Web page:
International Medical Corps is on standby to deploy disaster response experts to provide lifesaving assistance in hard-hit areas as Hurricane Irma—now the most powerful Atlantic Ocean storm in history—makes its way across the northern Caribbean. Teams have already been established to assess needs and provide lifesaving relief in Haiti and the Dominican Republic should it be needed, while teams are also being prepared for other locations, including the Bahamas.
“While we do not yet know the exact path of the storm or what its impact will be, we are mobilizing staff and supplies so we will be ready to deploy to the hardest-hit areas, including Haiti and the Dominican Republic, to provide lifesaving care as needed,” said Ian Rodgers, International Medical Corps’ Director of Emergency Response and Preparedness.
Hurricane Irma’s potential for heavy rains and flooding poses particular risk for Haiti, which struggles to contain a deadly cholera outbreak. There is a strong possibility that flooding and damage from winds could increase cholera cases. International Medical Corps is currently working in northern Haiti to run mobile medical units that respond to cholera cases.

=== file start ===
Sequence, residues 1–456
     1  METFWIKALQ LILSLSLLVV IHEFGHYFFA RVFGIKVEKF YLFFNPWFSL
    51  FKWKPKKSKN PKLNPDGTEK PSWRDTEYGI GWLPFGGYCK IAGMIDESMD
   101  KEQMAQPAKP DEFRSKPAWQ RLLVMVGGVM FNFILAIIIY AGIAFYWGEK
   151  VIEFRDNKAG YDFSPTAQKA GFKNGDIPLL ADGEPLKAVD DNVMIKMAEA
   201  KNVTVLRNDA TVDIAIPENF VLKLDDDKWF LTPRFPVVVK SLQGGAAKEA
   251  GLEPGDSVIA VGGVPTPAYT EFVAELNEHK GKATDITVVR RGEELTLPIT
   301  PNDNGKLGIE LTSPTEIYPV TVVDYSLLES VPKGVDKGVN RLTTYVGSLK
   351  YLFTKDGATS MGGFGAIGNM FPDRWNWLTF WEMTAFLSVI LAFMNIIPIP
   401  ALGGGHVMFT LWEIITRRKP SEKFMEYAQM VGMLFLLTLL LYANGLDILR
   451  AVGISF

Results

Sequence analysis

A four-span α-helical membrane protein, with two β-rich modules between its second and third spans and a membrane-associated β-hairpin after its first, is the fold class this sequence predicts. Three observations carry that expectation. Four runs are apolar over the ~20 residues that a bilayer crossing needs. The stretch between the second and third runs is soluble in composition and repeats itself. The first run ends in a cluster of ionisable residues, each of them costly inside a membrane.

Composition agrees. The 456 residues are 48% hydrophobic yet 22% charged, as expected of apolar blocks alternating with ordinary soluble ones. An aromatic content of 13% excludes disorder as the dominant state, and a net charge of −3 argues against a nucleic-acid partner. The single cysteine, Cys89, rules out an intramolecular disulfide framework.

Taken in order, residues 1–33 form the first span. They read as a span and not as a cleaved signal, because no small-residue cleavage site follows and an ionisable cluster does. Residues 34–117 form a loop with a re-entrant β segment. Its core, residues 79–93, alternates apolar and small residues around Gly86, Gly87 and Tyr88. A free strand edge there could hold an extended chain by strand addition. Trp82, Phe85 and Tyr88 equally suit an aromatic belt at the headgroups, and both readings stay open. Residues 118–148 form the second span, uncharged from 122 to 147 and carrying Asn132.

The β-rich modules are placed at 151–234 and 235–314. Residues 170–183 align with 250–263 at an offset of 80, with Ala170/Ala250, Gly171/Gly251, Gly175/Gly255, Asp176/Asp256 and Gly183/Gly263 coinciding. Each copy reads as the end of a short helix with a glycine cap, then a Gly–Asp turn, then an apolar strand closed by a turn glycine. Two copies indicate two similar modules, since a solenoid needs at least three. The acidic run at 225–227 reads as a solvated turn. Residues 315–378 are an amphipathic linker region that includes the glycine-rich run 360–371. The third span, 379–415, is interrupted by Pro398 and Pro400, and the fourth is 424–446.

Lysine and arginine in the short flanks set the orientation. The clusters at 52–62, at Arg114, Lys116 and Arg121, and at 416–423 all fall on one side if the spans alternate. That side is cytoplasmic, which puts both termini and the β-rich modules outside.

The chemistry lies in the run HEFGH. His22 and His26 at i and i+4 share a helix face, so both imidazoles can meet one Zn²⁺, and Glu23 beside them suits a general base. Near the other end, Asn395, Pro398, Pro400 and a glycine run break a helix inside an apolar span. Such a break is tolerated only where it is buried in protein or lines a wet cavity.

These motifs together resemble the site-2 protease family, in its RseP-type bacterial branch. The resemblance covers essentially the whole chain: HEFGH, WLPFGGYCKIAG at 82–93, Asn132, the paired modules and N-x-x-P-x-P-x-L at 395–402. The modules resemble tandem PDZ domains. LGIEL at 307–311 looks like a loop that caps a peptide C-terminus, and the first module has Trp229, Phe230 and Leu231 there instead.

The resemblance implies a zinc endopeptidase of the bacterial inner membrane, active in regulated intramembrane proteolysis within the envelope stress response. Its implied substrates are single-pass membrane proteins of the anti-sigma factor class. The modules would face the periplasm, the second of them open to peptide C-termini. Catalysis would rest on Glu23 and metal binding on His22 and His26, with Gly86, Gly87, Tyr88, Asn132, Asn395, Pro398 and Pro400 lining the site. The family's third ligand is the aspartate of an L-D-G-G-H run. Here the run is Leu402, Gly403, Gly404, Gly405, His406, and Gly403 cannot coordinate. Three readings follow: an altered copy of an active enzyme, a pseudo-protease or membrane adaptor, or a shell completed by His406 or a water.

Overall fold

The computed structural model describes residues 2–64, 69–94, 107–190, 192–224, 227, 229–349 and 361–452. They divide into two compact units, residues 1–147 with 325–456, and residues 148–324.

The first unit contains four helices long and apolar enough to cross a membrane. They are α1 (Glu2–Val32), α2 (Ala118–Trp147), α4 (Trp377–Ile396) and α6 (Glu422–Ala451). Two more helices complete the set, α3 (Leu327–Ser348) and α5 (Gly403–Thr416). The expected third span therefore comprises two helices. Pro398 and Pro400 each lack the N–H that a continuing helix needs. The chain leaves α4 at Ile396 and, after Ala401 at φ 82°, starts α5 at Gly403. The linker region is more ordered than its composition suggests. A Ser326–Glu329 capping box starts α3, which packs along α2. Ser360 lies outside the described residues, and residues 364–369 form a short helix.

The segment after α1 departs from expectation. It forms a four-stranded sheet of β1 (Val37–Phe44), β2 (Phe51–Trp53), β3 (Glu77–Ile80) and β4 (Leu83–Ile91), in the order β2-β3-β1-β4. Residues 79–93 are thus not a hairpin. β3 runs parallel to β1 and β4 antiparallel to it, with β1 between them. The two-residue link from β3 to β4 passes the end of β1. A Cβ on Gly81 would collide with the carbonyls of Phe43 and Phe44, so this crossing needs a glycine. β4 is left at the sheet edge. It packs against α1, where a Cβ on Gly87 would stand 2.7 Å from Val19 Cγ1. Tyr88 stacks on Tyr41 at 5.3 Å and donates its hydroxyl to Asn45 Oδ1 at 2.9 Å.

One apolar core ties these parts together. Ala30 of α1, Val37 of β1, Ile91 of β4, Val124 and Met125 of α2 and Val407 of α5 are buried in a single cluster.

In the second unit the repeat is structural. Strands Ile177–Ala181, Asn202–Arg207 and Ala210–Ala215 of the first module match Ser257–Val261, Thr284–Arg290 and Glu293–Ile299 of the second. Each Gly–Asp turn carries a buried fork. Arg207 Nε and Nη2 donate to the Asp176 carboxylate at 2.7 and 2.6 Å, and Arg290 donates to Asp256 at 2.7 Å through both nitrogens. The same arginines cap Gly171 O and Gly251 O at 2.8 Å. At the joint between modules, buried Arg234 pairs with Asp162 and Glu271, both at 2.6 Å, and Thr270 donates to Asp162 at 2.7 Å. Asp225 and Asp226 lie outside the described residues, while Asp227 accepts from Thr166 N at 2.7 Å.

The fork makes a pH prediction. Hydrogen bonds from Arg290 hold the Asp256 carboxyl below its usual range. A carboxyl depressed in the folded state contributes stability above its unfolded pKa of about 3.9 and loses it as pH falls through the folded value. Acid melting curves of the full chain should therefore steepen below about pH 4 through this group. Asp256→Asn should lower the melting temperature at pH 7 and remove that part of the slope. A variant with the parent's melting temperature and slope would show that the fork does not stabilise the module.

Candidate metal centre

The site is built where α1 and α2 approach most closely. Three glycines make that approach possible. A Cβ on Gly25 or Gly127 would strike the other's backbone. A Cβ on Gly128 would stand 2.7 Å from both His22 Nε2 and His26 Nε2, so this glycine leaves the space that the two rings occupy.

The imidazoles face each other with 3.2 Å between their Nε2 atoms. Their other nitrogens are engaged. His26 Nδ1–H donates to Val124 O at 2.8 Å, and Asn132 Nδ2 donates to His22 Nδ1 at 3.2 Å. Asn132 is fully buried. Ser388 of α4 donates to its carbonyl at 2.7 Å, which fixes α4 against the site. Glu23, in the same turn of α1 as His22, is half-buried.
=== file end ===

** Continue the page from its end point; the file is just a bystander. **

The International Medical Corps team in Haiti is prepared to support a potential response in vulnerable areas, including in Grand Nord province. Additional disaster response experts are prepared to deploy to the Dominican Republic, the Bahamas, and other areas as needed.
At least 11 people have been killed by the storm so far. Its trail of destruction has left more than 56,000 people in Puerto Rico without running water, while Barbuda suffered widespread damage. The storm is expected to remain a category 4 or 5 system through the next few days.
The National Hurricane Center has issued a Hurricane Warning for the northern coast of Haiti and a Tropical Storm Warning for the capital, Port-au-Prince. Even if Irma does not make direct landfall on the island, the outer bands of the storm could lash residents with hurricane force winds and torrential rains.
International Medical Corps deployed experts to respond in the aftermath of Hurricane Matthew in Haiti last year, including operating mobile medical units and setting up and managing cholera treatment facilities. The organization has worked in the country since 2010, when it responded to the devastating 7.0-magnitude earthquake that struck the country.
A pre-eminent first responder for more than three decades, International Medical Corps has extensive experience providing medical care and other lifesaving relief in the aftermath of disasters, including Typhoon Haiyan in the Philippines in 2013, the 2011 earthquake and tsunami in Japan, and the Indian Ocean tsunami in 2004.